With the next Jaguar upgrade less than six months away, the DOE Office of Advanced Scientific Computing Research (ASCR) has selected the applications that will be granted early user access on the new system. Part of the process involved surveying 20 to 30 different applications teams for the suitability of their codes. The teams were asked questions like: "If you had a 250-teraflop system all to yourself for a short while, what would you do? What are you modeling? What do the algorithms look like? Is your code ready or what would you need to get ready?" In general, leadership computing systems are for scientists who can't advance their science easily without such resources. The scientists have the burden of proving that they need the full system resources to do their research. This process is carried out in a peer-reviewed fashion through the INCITE Program.
The collected information from the surveys was sent to ASCR, the DOE Program Office (http://www.sc.doe.gov/ascr/) whose mission is to deliver leadership computing capabilities to scientists. According to Kothe, six codes have been selected that they believe can be ready when the 250-teraflop system is installed. The applications areas include combustion science, astrophysics, fusion energy, chemistry, material science/nanoscience, and climate. The code teams are gearing up in anticipation.
The same sorts of plans have been started for the 2008 Baker system; they're just not as far along. But they've already polled many scientists on what they would do with the petaflops machine.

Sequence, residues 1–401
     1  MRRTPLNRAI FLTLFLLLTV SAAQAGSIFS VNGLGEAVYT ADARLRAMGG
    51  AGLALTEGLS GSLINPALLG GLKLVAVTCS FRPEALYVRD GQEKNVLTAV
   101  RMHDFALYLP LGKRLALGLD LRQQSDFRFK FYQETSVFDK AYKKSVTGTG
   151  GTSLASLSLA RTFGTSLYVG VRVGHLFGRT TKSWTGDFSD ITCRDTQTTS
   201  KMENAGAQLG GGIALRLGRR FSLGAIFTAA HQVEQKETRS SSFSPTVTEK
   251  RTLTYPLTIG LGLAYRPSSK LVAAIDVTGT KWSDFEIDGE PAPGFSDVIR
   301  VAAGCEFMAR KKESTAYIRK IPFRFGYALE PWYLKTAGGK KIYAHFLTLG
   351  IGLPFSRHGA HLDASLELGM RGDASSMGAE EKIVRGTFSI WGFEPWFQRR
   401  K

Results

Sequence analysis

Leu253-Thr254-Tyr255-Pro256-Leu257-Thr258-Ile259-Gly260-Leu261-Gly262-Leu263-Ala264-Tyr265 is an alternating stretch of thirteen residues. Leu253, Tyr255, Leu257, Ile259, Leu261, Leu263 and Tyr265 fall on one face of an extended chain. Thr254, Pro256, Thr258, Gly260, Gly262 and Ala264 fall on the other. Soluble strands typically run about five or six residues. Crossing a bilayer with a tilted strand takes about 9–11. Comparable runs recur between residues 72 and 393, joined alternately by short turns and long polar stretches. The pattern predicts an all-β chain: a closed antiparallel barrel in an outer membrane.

The application scale-up work relies on the availability of testbeds and simulators. "The sooner we can get our hands on the [Opteron] quad-core test beds, the better," said Kothe. "We think this will be in place in early summer." Fortunately, ORNL already has Jaguar, a large dual-core Opteron system. So the transition should be pretty smooth and hopefully without too many last-minute surprises."
The real challenge for the applications will be to use as much of the new systems' computing power as possible. This is the classic problem for HPC applications. As the growth in the number of computing cores increases, it often outstrips the ability of applications to parallelize. The petaflops Baker system is expected to contain over 22,000 quad-core processors.
ORNL is still working on better queuing policies for the applications. They can't just be a capacity cycle shop for maximizing throughput; the systems are much too expensive to be used like that. But they also need to give developers enough time on the new machines so they can make their applications run efficiently on the hardware.
"We don't want to say that if your code can't use 20,000 processors, you're not welcome here," explained Kothe. "We need to provide development cycles so that people can understand the scaling issues and other hurdles."
The whole idea behind leadership computing is to drive science that requires the ultimate in computing performance. Sometimes a single application can provide a significant scientific advancement. The mission of the ORNL NCCS is to support these kinds of breakthrough codes on our machines.
"We want to enable breakthroughs," said Kothe. "But you can't plan them. Breakthroughs are often not deduced as such until later when you say: 'Gee, that calculation really did change the way we think.'"